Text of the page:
While the current Hollywood trends of the moment seem to be focused more toward small-screen revivals of old hit TV series featuring one or more of the original stars (The X-Files, Fuller House, Twin Peaks), films like 21 and 22 Jump Street and the upcoming Dwayne "The Rock" Johnson-headlined Baywatch movie are doing their best to keep the tradition of porting TV shows to theaters alive. Soon to join the latter group may be Three's Company, a feature film revival/reboot of the classic 1970s sitcom.
Airing from 1977 to 1984 and spawning two spin-offs, Three's Company concerned single female roommates Janet Wood (Joyce DeWitt) and Chrissy Snow (Suzanne Somers), and their newly added male roommate Jack Tripper (John Ritter, in the role that launched his career). With such living arrangements between the unwed not necessarily seen as generally acceptable back in that era, the trio concoct the cover story that the very much straight Jack is in fact gay, and thus has no sexual intentions toward the girls. Thus began eight seasons of hijinks primarily revolving around keeping up this charade so that their strict landord didn't find out and evict them all, although Somers would eventually depart the show and be replaced by Priscilla Barnes as new roommate Terri Alden.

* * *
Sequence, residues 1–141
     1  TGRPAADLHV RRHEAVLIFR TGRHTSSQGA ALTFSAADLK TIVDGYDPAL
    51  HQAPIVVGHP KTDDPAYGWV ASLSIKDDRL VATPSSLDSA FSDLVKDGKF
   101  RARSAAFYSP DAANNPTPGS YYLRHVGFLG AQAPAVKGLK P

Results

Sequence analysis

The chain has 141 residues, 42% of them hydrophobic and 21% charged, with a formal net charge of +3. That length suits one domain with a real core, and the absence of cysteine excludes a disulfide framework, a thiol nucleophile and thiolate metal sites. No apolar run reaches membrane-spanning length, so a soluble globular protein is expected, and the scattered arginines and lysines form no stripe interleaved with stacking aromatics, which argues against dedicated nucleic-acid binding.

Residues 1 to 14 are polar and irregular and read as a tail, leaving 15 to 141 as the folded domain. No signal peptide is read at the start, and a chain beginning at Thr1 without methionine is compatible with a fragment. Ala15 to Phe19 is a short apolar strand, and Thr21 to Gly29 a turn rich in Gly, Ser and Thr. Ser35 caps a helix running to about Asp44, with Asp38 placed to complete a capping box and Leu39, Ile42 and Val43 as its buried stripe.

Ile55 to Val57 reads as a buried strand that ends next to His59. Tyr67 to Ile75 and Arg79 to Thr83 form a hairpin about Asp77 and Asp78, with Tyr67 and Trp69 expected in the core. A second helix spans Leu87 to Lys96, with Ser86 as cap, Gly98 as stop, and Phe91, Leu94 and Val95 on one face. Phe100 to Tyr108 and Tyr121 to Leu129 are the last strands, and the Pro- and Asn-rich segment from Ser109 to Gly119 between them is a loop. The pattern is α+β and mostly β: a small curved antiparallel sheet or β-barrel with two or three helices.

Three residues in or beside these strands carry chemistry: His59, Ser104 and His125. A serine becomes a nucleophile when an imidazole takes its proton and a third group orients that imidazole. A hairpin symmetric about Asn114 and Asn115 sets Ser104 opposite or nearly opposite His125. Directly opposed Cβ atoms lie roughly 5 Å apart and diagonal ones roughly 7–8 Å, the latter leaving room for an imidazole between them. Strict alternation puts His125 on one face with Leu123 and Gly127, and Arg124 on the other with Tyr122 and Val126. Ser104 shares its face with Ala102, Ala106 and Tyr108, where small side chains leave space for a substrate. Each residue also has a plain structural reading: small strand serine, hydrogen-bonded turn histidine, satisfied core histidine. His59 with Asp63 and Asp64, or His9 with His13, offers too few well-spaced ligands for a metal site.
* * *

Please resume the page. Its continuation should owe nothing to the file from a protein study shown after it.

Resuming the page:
According to THR, New Line has hired screenwriting duo Abby Kohn and Marc Silverstein (He's Just Not That Into You) to pen the script for a Three's Company film, and plans to set the story in the 1970s. That's definitely a wise - and some might say obligatory - move for the studio to make, as singles of the opposite sex living together is hardly a big deal in the modern age, and trying to present it as such would likely draw derision from today's audiences.
Setting the film in the 70s also presents an opportunity to try and duplicate the many wacky misunderstandings the series was often known for, but that would probably come off as false if set in the current era of instant mass communication. Plus, 2016 Jack would have to be extra careful about what he posted on his social media accounts, lest Mr. Roper see photo or video evidence of his womanizing nature. All in all, it's just a lot simpler plot wise to retain the setting that fostered Three's Company's original great run.
At this early stage, no actors have signed on to star in the Three's Company film, although getting the casting right - of Jack especially - will be key to replicating the TV series' winning formula. Ritter deservedly won an Emmy for his work as Jack Tripper, and was arguably the glue that held the whole enterprise together. If New Line fumbles on the casting front, things are likely to spiral downward from there - but if they get it right, a whole new generation may discover that three is indeed company too.
The Three's Company movie is in development, and has no current release date.